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Poland scraps probe into 2010 presidential air crash

15.12.2023 18:00
Poland's new defence minister has disbanded a panel reinvestigating the 2010 air disaster that killed Polish President Lech Kaczyński and 95 others near the western Russian city of Smolensk, officials announced on Friday.
Polish Deputy Prime Minister and Defence Minister Władysław Kosiniak-Kamysz.
Polish Deputy Prime Minister and Defence Minister Władysław Kosiniak-Kamysz.PAP/Leszek Szymański

Defence Minister Władysław Kosiniak-Kamysz closed the inquiry, which was started by the country's previous government and led by conservative politician Antoni Macierewicz, the defence ministry in Warsaw said in a statement. 

It added that a team of experts would be appointed to "scrutinise every aspect" of the panel's operations.

Deputy Defence Minister Cezary Tomczyk told reporters that it was a "historic moment" that Poland would no longer "spend millions on activities that had nothing to do with explaining the circumstances of the Smolensk disaster."

He added that the panel's operation "had a lot to do with politics," public broadcaster Polish Radio's IAR news agency reported.

The so-called Smolensk Commission was established in 2016 by Macierewicz, who was Poland's defence minister at the time, the PAP news agency reported.

Earlier this year, the panel formally asked the prosecutor-general to investigate the 2010 disaster as a potential "premeditated assassination" of the Polish president and "murder" of the other people on board.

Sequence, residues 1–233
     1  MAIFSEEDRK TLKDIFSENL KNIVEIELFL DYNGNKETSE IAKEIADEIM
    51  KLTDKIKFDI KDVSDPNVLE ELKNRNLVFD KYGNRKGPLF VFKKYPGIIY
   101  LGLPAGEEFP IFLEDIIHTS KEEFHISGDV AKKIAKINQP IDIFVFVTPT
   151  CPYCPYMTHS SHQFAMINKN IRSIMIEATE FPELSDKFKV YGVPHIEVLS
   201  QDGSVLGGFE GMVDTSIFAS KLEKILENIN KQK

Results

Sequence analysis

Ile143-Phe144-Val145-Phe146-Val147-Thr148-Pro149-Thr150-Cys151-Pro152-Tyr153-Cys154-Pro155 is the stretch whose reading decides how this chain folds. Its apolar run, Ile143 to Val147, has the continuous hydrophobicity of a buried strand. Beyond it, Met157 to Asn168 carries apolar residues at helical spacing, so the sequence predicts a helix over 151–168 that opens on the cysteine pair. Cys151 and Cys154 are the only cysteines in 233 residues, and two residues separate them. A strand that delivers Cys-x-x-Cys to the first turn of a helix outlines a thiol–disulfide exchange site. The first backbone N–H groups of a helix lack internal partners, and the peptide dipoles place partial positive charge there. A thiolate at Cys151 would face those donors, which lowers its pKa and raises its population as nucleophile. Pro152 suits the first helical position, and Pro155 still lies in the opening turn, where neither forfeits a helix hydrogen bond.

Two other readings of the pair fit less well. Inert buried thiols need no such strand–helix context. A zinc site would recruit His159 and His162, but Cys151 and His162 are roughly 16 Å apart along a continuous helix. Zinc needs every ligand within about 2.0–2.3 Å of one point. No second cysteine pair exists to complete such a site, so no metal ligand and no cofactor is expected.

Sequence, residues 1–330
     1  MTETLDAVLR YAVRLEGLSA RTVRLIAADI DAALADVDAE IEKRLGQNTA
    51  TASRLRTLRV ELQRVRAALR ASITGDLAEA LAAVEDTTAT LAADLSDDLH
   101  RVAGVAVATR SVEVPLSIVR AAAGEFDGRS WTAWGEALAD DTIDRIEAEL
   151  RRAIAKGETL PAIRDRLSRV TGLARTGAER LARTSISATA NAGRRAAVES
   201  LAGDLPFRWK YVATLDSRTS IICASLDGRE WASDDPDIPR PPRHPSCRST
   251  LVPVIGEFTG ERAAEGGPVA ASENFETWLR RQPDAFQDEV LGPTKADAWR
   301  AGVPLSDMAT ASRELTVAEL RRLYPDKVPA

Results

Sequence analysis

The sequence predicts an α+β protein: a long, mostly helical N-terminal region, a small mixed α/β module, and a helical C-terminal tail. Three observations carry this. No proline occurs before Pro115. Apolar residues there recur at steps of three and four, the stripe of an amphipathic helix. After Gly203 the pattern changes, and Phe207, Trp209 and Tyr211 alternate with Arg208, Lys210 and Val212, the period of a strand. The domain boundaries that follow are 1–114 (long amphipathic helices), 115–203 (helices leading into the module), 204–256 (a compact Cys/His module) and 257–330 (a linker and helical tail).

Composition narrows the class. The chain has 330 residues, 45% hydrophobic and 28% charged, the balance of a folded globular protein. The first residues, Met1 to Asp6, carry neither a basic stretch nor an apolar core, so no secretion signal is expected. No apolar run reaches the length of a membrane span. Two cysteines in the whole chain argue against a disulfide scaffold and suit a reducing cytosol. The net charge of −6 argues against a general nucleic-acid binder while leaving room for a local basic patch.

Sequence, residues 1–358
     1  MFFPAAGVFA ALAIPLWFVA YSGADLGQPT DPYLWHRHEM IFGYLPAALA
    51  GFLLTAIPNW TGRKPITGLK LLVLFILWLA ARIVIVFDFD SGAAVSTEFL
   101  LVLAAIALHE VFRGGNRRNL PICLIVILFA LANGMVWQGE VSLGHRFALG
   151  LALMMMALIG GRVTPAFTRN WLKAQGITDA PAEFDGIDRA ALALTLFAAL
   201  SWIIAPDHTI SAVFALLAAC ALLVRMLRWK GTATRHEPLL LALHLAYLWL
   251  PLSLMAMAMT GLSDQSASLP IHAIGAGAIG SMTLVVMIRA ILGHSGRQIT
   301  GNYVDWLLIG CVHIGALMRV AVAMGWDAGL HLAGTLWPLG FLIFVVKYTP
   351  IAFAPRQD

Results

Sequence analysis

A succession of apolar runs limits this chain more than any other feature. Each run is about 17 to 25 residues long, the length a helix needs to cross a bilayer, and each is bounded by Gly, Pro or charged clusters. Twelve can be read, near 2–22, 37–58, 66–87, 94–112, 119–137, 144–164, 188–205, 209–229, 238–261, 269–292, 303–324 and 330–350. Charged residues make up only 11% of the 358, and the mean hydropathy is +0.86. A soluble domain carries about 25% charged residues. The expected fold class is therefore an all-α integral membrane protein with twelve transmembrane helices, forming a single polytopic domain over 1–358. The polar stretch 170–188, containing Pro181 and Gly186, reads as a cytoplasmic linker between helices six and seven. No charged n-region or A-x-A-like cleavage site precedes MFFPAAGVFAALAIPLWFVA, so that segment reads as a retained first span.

Tomczyk said on Friday that the Polish government stood by the findings of the original inquiry into the crash and a report released by the so-called Miller Commission in 2011.

The Miller Commission cited a catalogue of errors on the Polish side, while also pointing to errors made by Russian staff at the control tower of Smolensk Military Airport.

Presidential air disaster 

The plane crash near Smolensk, western Russia, on April 10, 2010, killed Polish President Lech Kaczyński, his wife and dozens of top officials. It is still a source of controversy and recriminations.

The conservative Law and Justice (PiS) party, which governed Poland from 2015 until earlier this month, had challenged the Miller report.

The party's head, Jarosław Kaczyński, is the twin brother of the late President Lech Kaczyński.

Last year, the panel led by Macierewicz unveiled its findings in a 338-page report that claimed the 2010 disaster was caused by "at least two blasts" and by "political factors."

A Russian report had placed all the blame on the Poles.


Source: IAR, PAP, Radio Zet